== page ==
Optimism follows a meeting between OC Transpo bigwigs and the leader of an anti-street harassment group.
Whether it’s acknowledged or not, sexual assaults are happening on buses, and “we deserve better as transit riders, and I think they’re starting to get that,” said Hollaback! Ottawa director Julie Lalonde.
Friday’s meeting addressed sex crimes and Transpo’s safety policies.
“I think the media pressure definitely had an impact, because tone was different,” said Lalonde.
“They had an ‘aha’ moment, I think, where they realized that they were looking at this issue the wrong way and that our intention was never to make OC Transpo look bad or to say that OC Transpo was unsafe and that no one should take transit.”
Transpo GM John Manconi agreed the meeting was productive.
“The common goal is that we educate the public that safety is everyone’s responsibility,” Manconi told the Sun over the phone.
A joint initiative is being explored.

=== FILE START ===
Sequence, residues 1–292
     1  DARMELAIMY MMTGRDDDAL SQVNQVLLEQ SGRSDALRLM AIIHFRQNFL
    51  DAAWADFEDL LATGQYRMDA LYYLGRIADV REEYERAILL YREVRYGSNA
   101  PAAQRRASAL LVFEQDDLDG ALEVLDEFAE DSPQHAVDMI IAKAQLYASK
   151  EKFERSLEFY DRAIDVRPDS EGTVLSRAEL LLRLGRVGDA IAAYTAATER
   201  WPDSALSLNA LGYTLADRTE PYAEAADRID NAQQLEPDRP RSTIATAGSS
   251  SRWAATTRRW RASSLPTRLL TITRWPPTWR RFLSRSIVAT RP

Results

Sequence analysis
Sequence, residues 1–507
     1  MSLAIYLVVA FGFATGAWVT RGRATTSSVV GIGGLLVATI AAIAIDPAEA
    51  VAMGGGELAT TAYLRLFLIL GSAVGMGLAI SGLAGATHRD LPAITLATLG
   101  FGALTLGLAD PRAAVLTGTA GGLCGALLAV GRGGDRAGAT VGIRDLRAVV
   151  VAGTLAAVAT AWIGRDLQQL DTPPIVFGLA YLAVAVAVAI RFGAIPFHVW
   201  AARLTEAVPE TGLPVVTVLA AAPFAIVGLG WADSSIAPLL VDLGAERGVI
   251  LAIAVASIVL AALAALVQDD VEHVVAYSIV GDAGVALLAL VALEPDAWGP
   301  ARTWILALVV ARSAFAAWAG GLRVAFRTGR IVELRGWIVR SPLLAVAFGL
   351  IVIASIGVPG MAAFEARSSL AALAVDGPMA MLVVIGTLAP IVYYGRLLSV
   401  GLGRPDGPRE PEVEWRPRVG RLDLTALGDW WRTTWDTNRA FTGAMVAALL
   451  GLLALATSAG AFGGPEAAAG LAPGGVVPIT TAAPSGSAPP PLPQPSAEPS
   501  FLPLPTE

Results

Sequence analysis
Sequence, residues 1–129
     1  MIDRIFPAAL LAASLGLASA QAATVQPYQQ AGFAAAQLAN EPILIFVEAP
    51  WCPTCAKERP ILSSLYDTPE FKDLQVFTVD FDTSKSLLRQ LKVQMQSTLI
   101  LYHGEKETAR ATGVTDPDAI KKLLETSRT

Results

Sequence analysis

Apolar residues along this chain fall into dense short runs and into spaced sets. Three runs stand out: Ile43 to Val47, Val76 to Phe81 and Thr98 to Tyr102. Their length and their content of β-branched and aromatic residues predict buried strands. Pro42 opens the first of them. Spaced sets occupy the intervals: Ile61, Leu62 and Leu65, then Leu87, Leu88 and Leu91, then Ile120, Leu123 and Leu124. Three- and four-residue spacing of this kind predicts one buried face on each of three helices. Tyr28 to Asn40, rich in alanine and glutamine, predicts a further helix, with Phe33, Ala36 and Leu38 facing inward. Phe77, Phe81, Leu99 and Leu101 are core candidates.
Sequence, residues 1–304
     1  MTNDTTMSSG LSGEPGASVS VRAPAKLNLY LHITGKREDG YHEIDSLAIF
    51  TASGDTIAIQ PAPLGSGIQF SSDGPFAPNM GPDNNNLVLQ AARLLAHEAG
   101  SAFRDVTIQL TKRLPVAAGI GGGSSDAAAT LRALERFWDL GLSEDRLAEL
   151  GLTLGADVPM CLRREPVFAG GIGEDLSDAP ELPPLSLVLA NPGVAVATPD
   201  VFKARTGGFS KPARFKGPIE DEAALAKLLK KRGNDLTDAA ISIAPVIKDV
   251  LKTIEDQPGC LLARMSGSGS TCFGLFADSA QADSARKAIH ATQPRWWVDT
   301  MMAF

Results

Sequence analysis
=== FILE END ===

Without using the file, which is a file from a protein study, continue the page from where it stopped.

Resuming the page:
“We’ve identified some opportunities that they want us to explore, things such as ad campaigns on our buses,” said Manconi.
“We certainly cleared the air on, you know, what we thought was effective and not effective, and what’s important about that is having a good understanding of what you’re trying to communicate out is important.” Other stakeholders are welcome to join the campaign.
Lalonde said clarifying different types of crime was also key.
“I think they understood that when we talk about sexual violence on transit, it’s completely different than having a conversation about swarmings,” said Lalonde.
If a person has been sexually assaulted on the bus, “I’m humiliated and I don’t want more attention put on me so I’m just trying to get away from the situation … telling people to press a button or to go to the driver is not effective,” said Lalonde.
“People are not going to do it.”
Management was also supportive of next month’s transit forum, held by Hollaback! and Women’s Initiatives For Safer Environments.
Overall, “I think there was a very good understanding that our commitment to safety is second to none,” said Manconi.
He wouldn’t commit to a timeline for the project, calling it an “ongoing process.”
The groups are meeting again in two weeks.